Kentuckians call on regulators to consider climate impacts of LG&E’s natural gas plants
Dozens of Kentuckians spoke out against Louisville Gas and Electric’s plans to build two new natural gas plants during the last of five public meetings with utility regulators at Louisville’s downtown library on Wednesday.
LG&E and Kentucky Utilities plan to retire nearly a third of their coal generation by 2028 and replace it with a combination of natural gas, solar and battery storage.
At Wednesday’s meeting, every commenter but one opposed plans to build new fossil fuel infrastructure, arguing it would further contribute to the climate crisis and lock ratepayers into more fossil fuels for decades to come.
Twenty-three-year-old Quincy Robinson said he supports the retirement of the coal generation but opposes the new gas plants, which would account for most of the new power.
“To move from one polluting source, coal, to another polluting source, natural gas, as a source of energy, is not just, especially when it leads to negative health outcomes. We must move entirely towards renewable energy,” he said.
At stake is the future of energy generation for the state’s largest utility. LG&E/KU says their proposal reduces emissions, bolsters their renewable energy portfolio and provides the affordable, reliable service they’re required to under state law.
“While the coal-fired generating units marked for retirement in the request have reliably served customers’ energy needs for five decades or more, the units are reaching the end of their economic life and it is no longer cost-effective for our customers,” according LG&E/KU officials in a press release.
The utility’s officials say they considered an all-renewable energy portfolio but ultimately dismissed it, saying it would cost $2 billion more than the current plan, according to the release. They also said the planned gas plants would produce 65% less carbon emissions than the coal-fired plants they plan to retire.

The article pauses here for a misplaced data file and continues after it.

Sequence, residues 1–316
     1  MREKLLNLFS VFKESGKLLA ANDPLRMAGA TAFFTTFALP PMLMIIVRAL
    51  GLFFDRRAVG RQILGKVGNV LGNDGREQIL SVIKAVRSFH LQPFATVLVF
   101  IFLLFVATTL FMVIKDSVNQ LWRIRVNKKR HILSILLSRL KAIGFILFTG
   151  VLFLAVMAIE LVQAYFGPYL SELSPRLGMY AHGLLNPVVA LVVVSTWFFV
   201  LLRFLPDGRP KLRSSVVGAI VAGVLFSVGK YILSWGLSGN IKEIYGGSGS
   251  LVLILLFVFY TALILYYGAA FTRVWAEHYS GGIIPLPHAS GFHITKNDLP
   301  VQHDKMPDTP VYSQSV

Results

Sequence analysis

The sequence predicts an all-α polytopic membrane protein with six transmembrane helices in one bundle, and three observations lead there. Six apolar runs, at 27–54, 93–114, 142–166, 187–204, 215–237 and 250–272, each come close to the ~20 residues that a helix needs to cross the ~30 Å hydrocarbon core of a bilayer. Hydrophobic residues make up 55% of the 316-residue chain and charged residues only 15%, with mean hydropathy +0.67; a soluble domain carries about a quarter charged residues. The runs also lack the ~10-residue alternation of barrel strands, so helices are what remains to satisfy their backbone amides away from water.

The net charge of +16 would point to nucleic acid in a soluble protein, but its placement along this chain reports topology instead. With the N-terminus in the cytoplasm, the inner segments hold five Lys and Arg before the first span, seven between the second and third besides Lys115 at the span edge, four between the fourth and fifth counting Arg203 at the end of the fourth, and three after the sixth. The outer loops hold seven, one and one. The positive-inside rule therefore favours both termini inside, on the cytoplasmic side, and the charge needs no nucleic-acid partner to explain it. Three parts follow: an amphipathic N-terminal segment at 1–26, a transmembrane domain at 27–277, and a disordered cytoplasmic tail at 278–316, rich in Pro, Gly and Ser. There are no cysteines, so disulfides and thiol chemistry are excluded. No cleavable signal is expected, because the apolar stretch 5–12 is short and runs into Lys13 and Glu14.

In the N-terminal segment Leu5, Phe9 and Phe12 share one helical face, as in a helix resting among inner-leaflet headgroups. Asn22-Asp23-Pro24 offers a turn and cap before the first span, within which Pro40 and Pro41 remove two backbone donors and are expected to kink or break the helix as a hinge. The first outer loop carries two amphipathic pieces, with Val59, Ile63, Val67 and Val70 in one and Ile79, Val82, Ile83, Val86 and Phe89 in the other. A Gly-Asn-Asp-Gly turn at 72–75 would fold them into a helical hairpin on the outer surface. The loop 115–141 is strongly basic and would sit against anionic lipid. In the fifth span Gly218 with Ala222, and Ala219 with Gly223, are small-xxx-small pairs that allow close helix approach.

Several commenters said utility regulators should consider all of the other costs associated with further reliance on fossil fuels, including the costs to the climate and human health. Others said it’s risky to rely on natural gas because of the volatility in the commodity’s price, or because the plants could end up as stranded assets and lose their value before utilities see a return on that investment
“We deserve all the costs to be included, the cost to the environment, the cost to human life, the cost of methane leakage, the cost of healthcare, the cost of emergency services,” Louisville resident Jackie Cobb said.
Cobb said LG&E/KU should be forced to consider alternatives such as increasing the use of distributed energy like rooftop solar and improving energy efficiency programs that reduce demand for power.
The sole supporter of the new gas power plants present at the Louisville meeting said he was a farmer who lived beside LG&E’s Mill Creek Plant. Gordon Ritchie told utility officials his land already has six gas lines running through it and he would welcome the project.
“I’m really isolated. My property would be an ideal location for this gas-fired power plant,” Ritchie said.
LG&E/KU’s proposals include building two 621-megawatt natural gas combined-cycle units on their existing properties. One would be located at the E.W. Brown Generating Station in Mercer County and the other at the Mill Creek Generating Station in Jefferson County.
Under the plan, LG&E/KU would also build a 120-megawatt solar array in Mercer County, acquire another in Marion County and secure four power purchase agreements for additional solar generation in excess of 600 megawatts, according to the release. The utility would also build a 125 megawatt battery storage facility and offer 14 new energy efficiency programs.
If approved, LG&E would turn on all that new power by 2028 at a cost of more than $2 billion.
LG&E/KU plans to achieve net-zero carbon emissions by 2050, with interim reduction targets of 80% from 2010 levels by 2040 and 70% by 2035. LG&E executives say they will burn coal after 2050 if carbon capture is proven to be cost effective.
The commission will begin an evidentiary hearing in the case on Tuesday. A decision is expected by November.